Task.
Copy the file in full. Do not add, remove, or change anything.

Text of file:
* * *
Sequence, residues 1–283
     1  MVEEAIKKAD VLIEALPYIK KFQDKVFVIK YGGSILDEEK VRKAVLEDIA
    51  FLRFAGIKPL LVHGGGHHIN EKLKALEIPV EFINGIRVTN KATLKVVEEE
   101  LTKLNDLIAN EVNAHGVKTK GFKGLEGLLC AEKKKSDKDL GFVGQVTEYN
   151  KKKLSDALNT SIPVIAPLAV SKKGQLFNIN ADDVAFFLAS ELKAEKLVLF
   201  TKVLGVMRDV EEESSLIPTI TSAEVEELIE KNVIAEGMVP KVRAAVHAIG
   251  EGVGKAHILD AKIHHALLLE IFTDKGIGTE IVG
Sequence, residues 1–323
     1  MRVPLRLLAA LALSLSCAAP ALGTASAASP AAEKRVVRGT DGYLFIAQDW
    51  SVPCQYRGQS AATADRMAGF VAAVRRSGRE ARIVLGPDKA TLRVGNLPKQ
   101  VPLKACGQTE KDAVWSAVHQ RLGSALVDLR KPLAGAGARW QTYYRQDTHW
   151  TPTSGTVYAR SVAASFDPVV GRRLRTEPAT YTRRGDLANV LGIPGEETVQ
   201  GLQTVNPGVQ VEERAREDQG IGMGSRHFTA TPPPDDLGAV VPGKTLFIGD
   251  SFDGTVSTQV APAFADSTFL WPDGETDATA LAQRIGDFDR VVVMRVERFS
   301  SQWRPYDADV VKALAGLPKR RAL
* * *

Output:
Sequence, residues 1–283
     1  MVEEAIKKAD VLIEALPYIK KFQDKVFVIK YGGSILDEEK VRKAVLEDIA
    51  FLRFAGIKPL LVHGGGHHIN EKLKALEIPV EFINGIRVTN KATLKVVEEE
   101  LTKLNDLIAN EVNAHGVKTK GFKGLEGLLC AEKKKSDKDL GFVGQVTEYN
   151  KKKLSDALNT SIPVIAPLAV SKKGQLFNIN ADDVAFFLAS ELKAEKLVLF
   201  TKVLGVMRDV EEESSLIPTI TSAEVEELIE KNVIAEGMVP KVRAAVHAIG
   251  EGVGKAHILD AKIHHALLLE IFTDKGIGTE IVG
Sequence, residues 1–323
     1  MRVPLRLLAA LALSLSCAAP ALGTASAASP AAEKRVVRGT DGYLFIAQDW
    51  SVPCQYRGQS AATADRMAGF VAAVRRSGRE ARIVLGPDKA TLRVGNLPKQ
   101  VPLKACGQTE KDAVWSAVHQ RLGSALVDLR KPLAGAGARW QTYYRQDTHW
   151  TPTSGTVYAR SVAASFDPVV GRRLRTEPAT YTRRGDLANV LGIPGEETVQ
   201  GLQTVNPGVQ VEERAREDQG IGMGSRHFTA TPPPDDLGAV VPGKTLFIGD
   251  SFDGTVSTQV APAFADSTFL WPDGETDATA LAQRIGDFDR VVVMRVERFS
   301  SQWRPYDADV VKALAGLPKR RAL